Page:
Th e EU is also aiming for a 20% increase in energy effi ciency by 2020. Th e Commission has acknowledged that, by enabling substantial gains in energy effi ciency, ICT-based innovations may provide one of the potentially most cost-eff ective means to help Member States achieve the 2020 targets.

    From an ICT policy perspective, two Communications to the Institutions have already been adopted by the Commission. While the fi rst Communication of May 2008 identifi ed the many ways in which ICT can contribute to energy effi ciency gains, the second Communication adopted by the Commission in March 2009 identifi ed concrete actions for the ICT industry, for EU Member State governments, and their regional and local administrations. It highlighted the importance of close working partnerships between policy actors and stakeholders from both sectors: ICT and energy.

    To set up this new and ambitious environment we have been assisted by a High-level Advisory Group from leading companies and research institutions that worked during the second half of 2008. Th eir visions were discussed and enriched during the ICT for Energy Effi ciency event in March 2009.

    Th is booklet, prepared by the Smart Distribution Network Working Group, is a compilation of the main fi ndings focusing on the development of ICTs to deliver more effi cient management of networks, more commonly known as SmartGrid. Th e grid becomes smart because it will not only transport electricity but also information that will become an active part of the electricity supply system. Th is shall be considered as a paradigm shift in the way the electricity distribution grids are today and how they will become in the future: user and customer centric, service oriented, accommodating all needs and providing adequate solutions, supporting the migration towards and shaping of the low-carbon economy and society. Smart Distribution network solutions embrace the changing structure of generation, market and use of electricity, and improve the effi ciency, reliability, fl exibility, accessibility and cost-eff ectiveness of the end-to-end system.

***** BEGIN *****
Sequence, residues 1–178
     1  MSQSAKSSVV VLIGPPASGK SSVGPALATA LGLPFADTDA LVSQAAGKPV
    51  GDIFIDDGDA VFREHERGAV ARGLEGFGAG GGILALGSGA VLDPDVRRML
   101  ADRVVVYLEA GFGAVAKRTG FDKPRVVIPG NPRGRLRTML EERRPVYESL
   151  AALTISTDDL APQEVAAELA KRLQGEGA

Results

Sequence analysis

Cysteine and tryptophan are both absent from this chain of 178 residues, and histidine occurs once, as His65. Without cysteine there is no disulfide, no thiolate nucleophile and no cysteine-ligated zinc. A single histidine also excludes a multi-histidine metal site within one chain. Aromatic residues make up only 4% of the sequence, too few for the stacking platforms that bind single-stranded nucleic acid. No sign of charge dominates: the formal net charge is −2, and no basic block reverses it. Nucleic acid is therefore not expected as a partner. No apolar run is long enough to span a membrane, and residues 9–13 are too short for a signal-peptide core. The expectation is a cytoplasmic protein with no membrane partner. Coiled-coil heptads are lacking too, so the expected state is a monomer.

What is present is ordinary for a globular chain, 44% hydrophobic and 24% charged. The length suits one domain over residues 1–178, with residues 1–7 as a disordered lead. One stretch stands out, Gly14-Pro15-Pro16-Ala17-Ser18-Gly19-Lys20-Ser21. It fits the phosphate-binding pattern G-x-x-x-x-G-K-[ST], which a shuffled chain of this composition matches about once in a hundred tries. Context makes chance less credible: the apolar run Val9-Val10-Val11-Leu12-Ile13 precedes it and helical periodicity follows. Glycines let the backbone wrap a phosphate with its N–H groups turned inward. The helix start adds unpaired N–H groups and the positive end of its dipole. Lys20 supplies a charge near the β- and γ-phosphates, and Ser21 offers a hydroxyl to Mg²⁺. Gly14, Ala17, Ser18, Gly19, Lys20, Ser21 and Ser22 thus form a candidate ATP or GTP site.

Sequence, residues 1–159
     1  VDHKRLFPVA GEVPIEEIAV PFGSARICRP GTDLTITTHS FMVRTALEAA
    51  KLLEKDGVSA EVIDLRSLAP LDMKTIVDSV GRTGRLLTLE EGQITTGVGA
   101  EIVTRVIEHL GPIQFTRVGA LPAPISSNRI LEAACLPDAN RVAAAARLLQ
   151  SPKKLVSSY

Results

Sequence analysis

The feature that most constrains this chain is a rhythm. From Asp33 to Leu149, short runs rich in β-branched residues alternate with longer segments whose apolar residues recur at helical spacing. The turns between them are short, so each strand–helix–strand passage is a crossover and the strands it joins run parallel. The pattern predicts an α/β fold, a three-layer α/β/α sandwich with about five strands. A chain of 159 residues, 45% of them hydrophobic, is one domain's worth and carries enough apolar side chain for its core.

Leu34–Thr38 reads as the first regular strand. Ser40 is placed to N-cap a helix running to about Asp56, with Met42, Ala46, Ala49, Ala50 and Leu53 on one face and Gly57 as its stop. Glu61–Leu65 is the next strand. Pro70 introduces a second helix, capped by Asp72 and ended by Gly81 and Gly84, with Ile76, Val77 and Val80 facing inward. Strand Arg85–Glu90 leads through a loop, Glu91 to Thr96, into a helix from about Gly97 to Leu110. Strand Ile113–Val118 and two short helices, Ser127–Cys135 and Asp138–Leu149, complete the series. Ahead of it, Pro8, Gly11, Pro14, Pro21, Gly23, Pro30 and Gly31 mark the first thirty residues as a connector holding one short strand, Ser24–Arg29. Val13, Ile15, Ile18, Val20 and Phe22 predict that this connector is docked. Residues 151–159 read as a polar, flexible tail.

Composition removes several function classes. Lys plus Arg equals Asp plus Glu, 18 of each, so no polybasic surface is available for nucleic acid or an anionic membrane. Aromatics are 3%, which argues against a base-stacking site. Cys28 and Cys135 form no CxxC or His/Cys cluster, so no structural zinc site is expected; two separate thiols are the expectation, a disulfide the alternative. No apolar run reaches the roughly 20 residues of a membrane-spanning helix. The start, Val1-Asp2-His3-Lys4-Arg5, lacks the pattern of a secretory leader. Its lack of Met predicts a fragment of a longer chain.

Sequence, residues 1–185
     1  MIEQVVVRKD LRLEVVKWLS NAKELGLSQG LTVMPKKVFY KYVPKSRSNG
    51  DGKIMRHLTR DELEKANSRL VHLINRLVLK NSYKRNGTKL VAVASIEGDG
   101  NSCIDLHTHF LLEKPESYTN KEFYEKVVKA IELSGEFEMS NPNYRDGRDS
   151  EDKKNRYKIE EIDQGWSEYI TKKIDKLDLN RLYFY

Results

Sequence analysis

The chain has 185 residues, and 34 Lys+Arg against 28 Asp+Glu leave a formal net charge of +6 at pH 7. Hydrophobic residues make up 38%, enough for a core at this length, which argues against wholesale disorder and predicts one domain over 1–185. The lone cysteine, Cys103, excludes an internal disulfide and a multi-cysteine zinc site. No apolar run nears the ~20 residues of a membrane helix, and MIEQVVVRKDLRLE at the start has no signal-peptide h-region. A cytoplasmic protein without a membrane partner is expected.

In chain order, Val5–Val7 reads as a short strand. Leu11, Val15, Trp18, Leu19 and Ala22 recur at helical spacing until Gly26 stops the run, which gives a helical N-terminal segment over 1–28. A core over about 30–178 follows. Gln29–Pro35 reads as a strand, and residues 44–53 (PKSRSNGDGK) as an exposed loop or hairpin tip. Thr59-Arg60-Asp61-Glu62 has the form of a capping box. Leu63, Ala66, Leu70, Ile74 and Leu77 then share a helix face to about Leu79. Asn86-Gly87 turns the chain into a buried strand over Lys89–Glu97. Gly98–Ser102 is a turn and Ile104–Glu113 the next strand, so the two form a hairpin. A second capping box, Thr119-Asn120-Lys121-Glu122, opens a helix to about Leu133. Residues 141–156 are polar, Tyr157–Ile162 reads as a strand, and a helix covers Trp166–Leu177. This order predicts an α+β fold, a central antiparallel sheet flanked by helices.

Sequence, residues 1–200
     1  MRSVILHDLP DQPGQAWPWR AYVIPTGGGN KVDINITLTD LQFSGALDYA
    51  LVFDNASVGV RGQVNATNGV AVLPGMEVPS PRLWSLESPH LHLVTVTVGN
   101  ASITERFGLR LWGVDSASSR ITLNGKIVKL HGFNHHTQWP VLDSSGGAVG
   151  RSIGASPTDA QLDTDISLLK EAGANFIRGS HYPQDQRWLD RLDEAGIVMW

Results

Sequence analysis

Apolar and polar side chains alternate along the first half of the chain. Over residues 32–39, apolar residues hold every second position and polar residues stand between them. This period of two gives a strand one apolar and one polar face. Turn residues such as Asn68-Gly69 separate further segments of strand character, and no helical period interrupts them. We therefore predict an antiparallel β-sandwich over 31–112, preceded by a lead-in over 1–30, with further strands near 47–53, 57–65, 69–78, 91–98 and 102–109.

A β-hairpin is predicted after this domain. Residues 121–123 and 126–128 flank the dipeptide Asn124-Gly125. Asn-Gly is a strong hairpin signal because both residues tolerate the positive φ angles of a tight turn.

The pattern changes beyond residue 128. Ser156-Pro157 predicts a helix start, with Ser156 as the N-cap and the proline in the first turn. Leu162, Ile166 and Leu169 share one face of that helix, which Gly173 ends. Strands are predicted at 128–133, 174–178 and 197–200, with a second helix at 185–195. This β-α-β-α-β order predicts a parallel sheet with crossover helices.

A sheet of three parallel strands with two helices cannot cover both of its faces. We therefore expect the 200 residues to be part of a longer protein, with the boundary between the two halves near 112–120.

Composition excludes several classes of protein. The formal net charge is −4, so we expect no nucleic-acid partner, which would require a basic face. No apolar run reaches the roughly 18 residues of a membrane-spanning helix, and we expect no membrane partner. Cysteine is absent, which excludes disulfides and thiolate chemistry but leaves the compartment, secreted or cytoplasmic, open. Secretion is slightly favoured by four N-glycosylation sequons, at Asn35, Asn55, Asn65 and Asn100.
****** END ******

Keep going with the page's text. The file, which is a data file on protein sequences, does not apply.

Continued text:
Th e Working Group concluded that ICTs have a major role to play, not only in reducing losses and increasing effi ciency, but also in managing and controlling the ever more distributed power grid to ensure stability and reinforce security.

    Without advanced communications capabilities, consumers will not be able to exploit real-time electricity

    Foreword

    by the European Commission

  • 7

    pricing and become active players in the electricity retail market. Smart metering has been subject to discussion as Member States invest in trials and wider roll-out. Smart metering, which essentially introduces ICTs into traditional energy-metering, can be deployed in many ways, taking advantage of ICTs to a greater or a lesser extent. Information can fl ow between the meter and the energy provider and between the meter and the consumer. Th e so-called one-way implementation, that only serves the energy supplier, is oft en favoured over the two-way implementation which serves both supplier and consumer. However, data collected from fi eld trials of smart meters with two-way information fl ows in a number of Member States have indicated that consumers reduce their consumption by as much as 10% or more, depending on the context and quality of the information provided.

    Th e Working Group also concluded that the innovations based on ICTs not only improve the energy effi ciency and the way today electricity is traded and used, but also stimulate the development of a wide leading-

    edge ICT market that will foster the European industry competitiveness and will create new business opportunities according to the European Economic Recovery Plan.